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In an action brought by J.R. and his mother to declare a deed, dated August 30, 2012, null and void, the defendants appealed after a Kings County Supreme Court judge found -- after a non-jury trial -- in the plaintiffs’ favor.

Upon its independent review of the record, the Appellate Division, Second Department, determined that the outcome was appropriate, given that the defendant represented it could assist J.R. with a “short sale,” of a property that was in foreclosure. And, apparently, after it took title, defendant failed to arrange such a sale.

Given that “falsity,” the AD2 thought the conveyance was "voidable." As it noted in its decision:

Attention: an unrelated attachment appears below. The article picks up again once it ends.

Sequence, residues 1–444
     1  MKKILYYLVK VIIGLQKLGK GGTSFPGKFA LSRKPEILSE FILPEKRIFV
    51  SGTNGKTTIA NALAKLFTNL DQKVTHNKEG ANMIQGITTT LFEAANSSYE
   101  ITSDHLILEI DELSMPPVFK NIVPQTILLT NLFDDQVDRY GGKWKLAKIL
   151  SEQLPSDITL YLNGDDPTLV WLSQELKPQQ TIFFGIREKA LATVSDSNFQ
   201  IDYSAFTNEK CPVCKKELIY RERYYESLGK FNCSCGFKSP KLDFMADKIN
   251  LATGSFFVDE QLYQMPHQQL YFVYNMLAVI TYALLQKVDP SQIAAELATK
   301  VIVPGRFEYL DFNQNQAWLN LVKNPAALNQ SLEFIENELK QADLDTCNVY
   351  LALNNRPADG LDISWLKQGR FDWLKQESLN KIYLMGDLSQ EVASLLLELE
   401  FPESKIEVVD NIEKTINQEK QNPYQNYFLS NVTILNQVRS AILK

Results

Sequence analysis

“In this case, the evidence adduced at trial established that the defendant falsely represented that it would serve as a broker for a short sale, that it did so with knowledge of the falsity and an intent to induce reliance, that the plaintiffs justifiably relied on that misrepresentation, and that the plaintiffs conveyed their property to the defendant as a result.”

And in response to the defendant’s objection as to the timeliness of the litigation, the AD2 thought that while the plaintiffs may have missed the window to bring the claim under a New York State “theft of equity” statute, [Real Property Law § 265-a], they timely brought their common-law fraud claim within the governing six-year period [CPLR 213[8]].

Now there’s no voiding that ….

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R. v K & Y.